Anime and Manga BLOGGERS FOR JAPAN are VERY close to their goals now - about $95 away from their Doctors Without Borders goal, near the same for Shelterbox.

Since I don't exclusively write about anime and manga, I wasn't sure I had anything to continue, but I think I'll keep trying till they get those last few donations. Below is an amazing animation short that - although absolutely nothing like what Hayao Miyazaki produces - has the same value at its core as one of my favorite films of all time, My Neighbor Totoro. Please donate a few dollars.

The Incident at Tower 37

This fine short film really caught me off-guard, being a great example of what animation can do best: show "the other" as either being more like us than we usually think, or showing "the other" as being not like us but still completely, utterly valid. So many works do the former; showing others in a non-human way is much more rare. This film from Christ Perry at Bit Films is a beautiful example of that validity.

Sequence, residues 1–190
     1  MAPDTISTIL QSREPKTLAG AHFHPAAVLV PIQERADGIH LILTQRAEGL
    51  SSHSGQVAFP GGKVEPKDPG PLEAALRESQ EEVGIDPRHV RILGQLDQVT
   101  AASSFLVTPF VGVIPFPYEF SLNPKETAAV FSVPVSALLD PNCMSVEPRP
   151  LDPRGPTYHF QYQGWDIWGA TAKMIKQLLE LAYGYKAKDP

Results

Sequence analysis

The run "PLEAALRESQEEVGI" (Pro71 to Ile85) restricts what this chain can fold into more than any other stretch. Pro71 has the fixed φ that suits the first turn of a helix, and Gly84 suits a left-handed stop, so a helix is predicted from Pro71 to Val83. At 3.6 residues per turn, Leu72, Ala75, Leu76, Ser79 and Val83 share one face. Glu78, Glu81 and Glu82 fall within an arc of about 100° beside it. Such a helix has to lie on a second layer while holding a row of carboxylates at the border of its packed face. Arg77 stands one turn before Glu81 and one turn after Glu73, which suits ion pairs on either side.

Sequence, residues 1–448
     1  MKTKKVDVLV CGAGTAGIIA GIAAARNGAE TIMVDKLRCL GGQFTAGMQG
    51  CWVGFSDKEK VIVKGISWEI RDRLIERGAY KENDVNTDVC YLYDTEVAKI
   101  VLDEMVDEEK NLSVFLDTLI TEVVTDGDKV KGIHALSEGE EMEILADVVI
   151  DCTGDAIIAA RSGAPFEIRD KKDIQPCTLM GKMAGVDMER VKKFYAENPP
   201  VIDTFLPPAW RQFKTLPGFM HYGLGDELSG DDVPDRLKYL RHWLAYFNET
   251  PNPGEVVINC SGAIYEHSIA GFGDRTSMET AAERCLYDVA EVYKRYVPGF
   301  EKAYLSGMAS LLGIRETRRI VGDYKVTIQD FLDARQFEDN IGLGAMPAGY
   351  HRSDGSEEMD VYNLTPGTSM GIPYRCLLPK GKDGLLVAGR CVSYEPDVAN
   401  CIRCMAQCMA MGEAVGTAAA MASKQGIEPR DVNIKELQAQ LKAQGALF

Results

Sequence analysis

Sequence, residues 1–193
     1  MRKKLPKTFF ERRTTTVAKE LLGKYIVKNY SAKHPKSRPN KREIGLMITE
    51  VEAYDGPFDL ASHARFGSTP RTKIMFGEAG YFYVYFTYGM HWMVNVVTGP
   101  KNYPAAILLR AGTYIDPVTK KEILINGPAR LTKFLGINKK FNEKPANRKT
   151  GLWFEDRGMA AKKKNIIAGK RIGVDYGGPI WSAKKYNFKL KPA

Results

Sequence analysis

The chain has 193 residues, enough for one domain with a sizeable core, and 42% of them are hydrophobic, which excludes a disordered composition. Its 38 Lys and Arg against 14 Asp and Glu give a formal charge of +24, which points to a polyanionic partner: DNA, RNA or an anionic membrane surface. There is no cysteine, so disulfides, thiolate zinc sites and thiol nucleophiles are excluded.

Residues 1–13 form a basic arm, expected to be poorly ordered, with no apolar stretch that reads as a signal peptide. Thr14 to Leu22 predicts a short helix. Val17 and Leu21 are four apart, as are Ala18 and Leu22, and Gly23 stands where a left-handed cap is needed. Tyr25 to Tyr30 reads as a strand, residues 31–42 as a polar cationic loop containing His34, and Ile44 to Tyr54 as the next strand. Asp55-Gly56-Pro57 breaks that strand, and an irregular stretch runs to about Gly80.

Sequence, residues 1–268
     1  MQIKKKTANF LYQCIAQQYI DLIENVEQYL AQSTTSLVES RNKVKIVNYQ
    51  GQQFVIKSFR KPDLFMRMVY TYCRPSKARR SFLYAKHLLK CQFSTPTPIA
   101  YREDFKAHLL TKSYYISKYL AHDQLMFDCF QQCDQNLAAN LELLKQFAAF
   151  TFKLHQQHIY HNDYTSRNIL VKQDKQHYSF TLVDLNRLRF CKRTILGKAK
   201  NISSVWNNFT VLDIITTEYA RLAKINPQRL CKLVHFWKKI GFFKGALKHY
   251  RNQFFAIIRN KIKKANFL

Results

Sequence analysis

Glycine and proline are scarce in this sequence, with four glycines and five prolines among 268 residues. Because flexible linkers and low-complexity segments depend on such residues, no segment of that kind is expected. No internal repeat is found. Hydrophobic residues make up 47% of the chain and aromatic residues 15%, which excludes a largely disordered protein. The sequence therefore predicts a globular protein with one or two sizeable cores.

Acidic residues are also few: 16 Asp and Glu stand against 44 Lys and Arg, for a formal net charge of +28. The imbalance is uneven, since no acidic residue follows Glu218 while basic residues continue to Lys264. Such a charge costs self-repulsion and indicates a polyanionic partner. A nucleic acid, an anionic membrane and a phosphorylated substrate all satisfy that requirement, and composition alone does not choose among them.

I think this is part of what Hayao Miyazaki does so very well. Totoro, the Ohmu, his landscapes in general really, are all alive in their own way, all definitely non-human. Maintaining that non-human quality while still allowing us to relate is animation's secret weapon.

Imagining just another human piece of the puzzle is how we maintain our dominant outlooks and attitudes. Imagining a fish out of water can tell us so much more.

Wednesday, March 23, 2011


As part of supporting the Anime and Manga BLOGGERS FOR JAPAN, below please find my review, a first for me, for the anime series "Naoki Urasawa's Monster." Earlier posts for the cause are on "Tales From Earthsea" and "A Town Called Panic" - both found by scrolling down.